Fertilizers

Plants also need anions for good growth. Nitrates (NO3-), chlorides (Cl-) and sulfates (SO4-) are examples of anions. Negatively charged anions are not attracted by the negative charge of the clay particles. Thus, they are not held like cations.

Nitrogen. Nitrate (NO3-) is the predominant form of fertilizer nitrogen used by greenhouses. Nitrogen may also be applied as urea or ammonia (NH4+). Urea is rapidly converted to ammonia in the media. Although ammonia is readily taken up by plants, it accounts for only a small percentage of any crop’s nitrogen uptake.

Phosphorus. Ammonium phosphate and urea phosphate are good sources of phosphorous. A nitrogen-to-phosphate (P2O5) ratio of 2:1 is acceptable for most crops.

Potassium. Potassium nitrate and potassium sulfate are good sources of potassium. A nitrogen-to-potash (K2O) ratio of 1:1 is acceptable for most crops.

Calcium and Magnesium. Dolomitic limestone, irrigation water, calcium nitrate, magnesium sulfate, and magnesium nitrate are good sources of calcium and magnesium. Calcium and magnesium provided by dolomitic limestone are released slowly over several months.

Micronutrients. Micronutrients are sold in different formulations.

Fertilization Rates

Rates of fertilization are often given in parts per million (ppm) of nitrogen (N), which is a way of expressing fertilizer concentration. One ppm is equivalent to 1 milligram/liter (mg/L). Fertilization rates for water-soluble fertilizers in the greenhouses vary based on the types of crops grown, pre-plant fertilization rates, the weather, and stage of growth, the desired rate of growth, and the leaching percentage. The decision whether or not to use pre-plant nutrients will impact the post-plant fertilization rates. When pre-plant nutrients are not applied the concentration of post-plant liquid fertilizer is typically at a higher rate and sometimes begins earlier. Growers often reduce the rate (lower end of recommended range) in the winter, during cloudy periods, or when other factors slow growth and raise the rate (higher end of range) in the summer, during sunny periods, or when other factors speed growth.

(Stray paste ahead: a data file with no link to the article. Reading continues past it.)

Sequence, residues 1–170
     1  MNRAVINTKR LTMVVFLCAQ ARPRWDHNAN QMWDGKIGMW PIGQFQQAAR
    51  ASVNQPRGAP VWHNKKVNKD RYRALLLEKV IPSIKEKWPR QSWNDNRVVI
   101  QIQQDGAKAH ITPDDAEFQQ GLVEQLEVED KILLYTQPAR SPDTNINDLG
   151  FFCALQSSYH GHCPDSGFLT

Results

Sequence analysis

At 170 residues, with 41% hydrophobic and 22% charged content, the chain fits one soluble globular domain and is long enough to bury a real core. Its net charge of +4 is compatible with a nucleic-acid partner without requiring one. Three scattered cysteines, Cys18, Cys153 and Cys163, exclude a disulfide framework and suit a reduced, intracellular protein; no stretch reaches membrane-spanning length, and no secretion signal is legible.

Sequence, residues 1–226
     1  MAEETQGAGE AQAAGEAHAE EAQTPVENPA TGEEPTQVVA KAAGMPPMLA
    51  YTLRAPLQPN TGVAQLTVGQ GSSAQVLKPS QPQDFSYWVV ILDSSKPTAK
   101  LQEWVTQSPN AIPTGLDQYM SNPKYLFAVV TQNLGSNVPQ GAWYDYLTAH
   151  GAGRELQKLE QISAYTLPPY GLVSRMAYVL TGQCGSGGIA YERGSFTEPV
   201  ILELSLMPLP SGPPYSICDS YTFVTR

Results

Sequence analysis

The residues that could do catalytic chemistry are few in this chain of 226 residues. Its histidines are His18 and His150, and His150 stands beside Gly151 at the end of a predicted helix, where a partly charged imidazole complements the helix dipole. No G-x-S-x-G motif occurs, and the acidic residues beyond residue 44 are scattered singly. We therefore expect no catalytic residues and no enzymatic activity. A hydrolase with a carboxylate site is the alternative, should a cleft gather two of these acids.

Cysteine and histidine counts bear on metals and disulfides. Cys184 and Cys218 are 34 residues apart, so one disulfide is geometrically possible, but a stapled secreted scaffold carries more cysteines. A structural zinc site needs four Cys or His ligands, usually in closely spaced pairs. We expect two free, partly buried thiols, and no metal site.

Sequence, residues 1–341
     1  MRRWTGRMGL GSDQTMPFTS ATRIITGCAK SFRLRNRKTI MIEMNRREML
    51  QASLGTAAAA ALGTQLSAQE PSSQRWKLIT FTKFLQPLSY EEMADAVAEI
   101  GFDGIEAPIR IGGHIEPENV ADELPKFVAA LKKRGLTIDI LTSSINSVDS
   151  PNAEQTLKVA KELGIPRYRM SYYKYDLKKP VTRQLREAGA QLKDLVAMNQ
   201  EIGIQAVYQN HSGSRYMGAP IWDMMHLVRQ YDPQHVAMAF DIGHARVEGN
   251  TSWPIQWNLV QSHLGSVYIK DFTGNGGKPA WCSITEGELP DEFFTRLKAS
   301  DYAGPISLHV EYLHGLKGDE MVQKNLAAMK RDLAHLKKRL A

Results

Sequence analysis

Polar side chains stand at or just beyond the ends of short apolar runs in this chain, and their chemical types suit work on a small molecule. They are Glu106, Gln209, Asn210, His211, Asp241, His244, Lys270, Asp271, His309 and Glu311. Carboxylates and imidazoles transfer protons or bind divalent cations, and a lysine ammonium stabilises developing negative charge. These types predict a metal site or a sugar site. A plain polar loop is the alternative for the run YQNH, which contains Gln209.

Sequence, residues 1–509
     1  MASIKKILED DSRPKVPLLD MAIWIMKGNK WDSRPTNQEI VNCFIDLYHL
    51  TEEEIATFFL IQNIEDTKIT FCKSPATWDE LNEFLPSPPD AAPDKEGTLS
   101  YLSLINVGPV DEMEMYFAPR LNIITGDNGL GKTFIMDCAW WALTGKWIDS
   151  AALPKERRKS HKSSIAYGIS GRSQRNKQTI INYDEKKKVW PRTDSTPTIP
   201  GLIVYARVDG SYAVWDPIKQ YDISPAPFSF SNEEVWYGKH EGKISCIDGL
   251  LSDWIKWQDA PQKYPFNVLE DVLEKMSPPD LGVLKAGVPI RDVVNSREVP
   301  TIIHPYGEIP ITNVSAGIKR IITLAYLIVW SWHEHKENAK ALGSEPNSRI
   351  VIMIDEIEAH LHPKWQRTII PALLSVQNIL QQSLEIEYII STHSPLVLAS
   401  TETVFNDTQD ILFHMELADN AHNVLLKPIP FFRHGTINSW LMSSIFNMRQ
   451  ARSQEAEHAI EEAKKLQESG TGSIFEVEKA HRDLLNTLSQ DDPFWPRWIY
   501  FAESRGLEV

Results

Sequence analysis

Fertilization Frequency

Two methods are commonly used by growers today: 1) constant liquid fertilization, which involves applying a dilute solution of fertilizer at each irrigation; and 2) scheduled fertilization, which calls for a more concentrated solution of fertilizer that is applied at periodic intervals, usually once per week.

Methods of Fertilizer Application

The best method of fertilizer application depends on the crop, available equipment, fertilizer-pesticide combination, labor, irrigation and tillage practices, and type of fertilizer. A major goal of many producers is to improve fertilizer efficiency (that is, greater crop yield per unit of fertilizer applied). The choice of method, however, also must meet future agronomic and environmental requirements. There are three methods of fertilizer application: 1) fertilizers can either be added during the pre-plant phase as a granular fertilizer or as a slow- or controlled release fertilizer to the potting media; 2) fertilizers can be applied to the plant’s growing media via the irrigation system using a water-soluble fertilizer known as fertigation; or 3) applied as foliar sprays directly to the plant foliage.